cDNA and Microarrays

Individuals can be screened for genetic diseases and cancers by using cDNA and microarrays

  • This technology can also be used to investigate the protein expression pathways that lead to these conditions


  • Complementary DNA (cDNA) is a molecule synthesised from an mRNA template via reverse transcription
  • cDNA molecules represent gene sequences that are actively transcribed by a cell (as they were synthesised from mRNA) 
  • This makes them a valuable tool for determining expression patterns of proteins in normal and diseased states


  • A DNA microarray is a collection of microscopic DNA sequences (oligos) attached to a solid surface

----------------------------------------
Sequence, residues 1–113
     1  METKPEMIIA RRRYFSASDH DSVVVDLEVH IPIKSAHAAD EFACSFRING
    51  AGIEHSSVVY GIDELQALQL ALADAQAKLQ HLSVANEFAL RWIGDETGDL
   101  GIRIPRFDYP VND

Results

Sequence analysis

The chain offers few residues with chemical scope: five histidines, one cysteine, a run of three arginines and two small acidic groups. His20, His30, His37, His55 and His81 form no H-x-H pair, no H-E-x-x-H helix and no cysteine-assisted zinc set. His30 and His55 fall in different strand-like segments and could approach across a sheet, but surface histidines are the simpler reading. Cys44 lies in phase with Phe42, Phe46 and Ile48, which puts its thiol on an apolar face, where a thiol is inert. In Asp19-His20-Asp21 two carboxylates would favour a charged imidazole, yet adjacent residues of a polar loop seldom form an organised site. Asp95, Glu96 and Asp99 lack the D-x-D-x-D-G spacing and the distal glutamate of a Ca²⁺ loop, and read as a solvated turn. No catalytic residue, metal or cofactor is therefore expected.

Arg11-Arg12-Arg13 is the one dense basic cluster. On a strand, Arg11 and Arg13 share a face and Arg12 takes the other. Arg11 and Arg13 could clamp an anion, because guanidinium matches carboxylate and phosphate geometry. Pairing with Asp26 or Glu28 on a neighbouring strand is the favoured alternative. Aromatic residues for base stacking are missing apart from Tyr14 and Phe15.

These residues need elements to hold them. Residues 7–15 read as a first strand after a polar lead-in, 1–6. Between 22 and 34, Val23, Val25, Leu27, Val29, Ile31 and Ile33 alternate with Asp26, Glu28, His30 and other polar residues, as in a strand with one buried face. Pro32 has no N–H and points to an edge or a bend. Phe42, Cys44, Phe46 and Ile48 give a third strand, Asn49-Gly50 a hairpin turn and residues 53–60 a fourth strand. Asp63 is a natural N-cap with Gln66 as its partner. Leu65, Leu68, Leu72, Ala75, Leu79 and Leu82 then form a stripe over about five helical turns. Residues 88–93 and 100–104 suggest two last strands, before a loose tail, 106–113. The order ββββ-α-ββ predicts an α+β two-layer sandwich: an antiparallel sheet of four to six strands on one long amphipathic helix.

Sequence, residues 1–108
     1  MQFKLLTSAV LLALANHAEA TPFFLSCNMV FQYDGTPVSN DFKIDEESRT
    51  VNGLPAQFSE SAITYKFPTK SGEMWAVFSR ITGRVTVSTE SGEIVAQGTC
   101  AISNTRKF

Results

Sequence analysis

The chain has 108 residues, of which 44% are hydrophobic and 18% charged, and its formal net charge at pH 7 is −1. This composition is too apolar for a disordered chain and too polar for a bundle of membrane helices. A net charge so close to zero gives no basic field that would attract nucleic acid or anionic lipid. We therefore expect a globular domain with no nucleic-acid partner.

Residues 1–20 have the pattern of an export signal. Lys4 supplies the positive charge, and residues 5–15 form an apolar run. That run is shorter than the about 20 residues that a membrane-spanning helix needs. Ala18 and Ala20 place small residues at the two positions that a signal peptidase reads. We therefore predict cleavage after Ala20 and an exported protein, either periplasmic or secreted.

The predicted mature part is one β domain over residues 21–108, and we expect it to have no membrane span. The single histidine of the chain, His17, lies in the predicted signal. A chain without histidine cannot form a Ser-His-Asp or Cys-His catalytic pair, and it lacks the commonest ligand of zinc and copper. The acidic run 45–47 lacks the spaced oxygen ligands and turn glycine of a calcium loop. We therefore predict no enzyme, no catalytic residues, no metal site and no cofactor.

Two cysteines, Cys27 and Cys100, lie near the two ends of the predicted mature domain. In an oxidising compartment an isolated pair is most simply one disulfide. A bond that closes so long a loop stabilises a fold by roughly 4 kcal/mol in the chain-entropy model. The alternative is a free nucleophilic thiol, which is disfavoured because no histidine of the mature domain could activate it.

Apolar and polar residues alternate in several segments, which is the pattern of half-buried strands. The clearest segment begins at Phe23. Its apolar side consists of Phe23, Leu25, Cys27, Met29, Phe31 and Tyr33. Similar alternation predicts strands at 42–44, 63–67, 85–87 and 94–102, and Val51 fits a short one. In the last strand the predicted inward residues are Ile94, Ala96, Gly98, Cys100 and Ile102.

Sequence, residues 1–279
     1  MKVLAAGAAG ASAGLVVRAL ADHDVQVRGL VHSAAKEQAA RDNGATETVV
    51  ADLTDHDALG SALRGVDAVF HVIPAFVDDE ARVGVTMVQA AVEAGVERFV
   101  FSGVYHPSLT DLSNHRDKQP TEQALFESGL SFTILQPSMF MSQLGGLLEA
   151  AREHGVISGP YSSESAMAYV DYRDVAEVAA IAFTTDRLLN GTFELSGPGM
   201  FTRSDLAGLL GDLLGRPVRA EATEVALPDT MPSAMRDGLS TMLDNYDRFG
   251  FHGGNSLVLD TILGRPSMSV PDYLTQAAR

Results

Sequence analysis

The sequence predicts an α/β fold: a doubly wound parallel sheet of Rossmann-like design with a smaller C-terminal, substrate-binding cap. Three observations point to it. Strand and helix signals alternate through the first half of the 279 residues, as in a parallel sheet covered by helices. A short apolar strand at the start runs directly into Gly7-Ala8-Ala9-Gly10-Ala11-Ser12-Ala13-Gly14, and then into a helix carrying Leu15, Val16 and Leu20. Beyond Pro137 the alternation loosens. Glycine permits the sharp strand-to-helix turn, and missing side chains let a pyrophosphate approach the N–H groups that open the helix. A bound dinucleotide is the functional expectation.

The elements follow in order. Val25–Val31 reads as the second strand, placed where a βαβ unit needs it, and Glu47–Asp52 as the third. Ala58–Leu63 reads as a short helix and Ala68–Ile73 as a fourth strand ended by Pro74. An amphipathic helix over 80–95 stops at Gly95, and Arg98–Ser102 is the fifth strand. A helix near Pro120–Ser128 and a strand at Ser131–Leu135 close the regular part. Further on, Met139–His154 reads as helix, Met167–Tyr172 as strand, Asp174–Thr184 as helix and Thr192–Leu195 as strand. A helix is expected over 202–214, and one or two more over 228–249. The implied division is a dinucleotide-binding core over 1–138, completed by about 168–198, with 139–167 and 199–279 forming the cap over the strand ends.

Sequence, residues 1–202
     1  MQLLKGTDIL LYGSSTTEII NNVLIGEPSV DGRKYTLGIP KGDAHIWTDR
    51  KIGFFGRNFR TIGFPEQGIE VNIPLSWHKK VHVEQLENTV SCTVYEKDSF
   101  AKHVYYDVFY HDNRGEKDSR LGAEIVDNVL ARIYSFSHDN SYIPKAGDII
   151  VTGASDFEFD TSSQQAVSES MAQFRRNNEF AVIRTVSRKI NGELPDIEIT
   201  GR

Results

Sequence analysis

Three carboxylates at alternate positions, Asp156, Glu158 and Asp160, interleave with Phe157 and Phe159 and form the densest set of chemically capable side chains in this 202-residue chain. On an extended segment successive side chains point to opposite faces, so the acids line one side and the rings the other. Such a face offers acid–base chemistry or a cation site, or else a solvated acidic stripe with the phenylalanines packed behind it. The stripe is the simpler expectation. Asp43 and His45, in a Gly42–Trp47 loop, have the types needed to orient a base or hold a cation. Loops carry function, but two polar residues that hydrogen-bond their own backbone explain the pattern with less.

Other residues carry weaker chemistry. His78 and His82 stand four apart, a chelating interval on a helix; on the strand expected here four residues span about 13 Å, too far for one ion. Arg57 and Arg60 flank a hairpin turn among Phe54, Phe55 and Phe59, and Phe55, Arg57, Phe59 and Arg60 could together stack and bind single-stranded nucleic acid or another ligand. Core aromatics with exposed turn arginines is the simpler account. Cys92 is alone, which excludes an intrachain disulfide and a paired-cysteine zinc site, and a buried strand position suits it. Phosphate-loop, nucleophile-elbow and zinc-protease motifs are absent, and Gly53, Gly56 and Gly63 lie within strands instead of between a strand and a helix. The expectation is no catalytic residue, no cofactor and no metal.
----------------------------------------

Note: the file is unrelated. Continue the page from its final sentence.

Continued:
• These sequences represent fractions of a large library of genes that are present in a cell
  • If a gene is active within a cell, then the cDNA (produced from the mRNA transcript) will bind to its complementary oligo
  • If the cDNA has been fluorescently labeled, then the complementary oligo can be identified (along with the gene it represents)
  • If cDNA from healthy and diseased cells are labeled with different fluorophores, comparisons of gene expression can be made
  • Genes that are only active in a diseased or normal state will be of particular interest to scientists

DNA Microarray Overview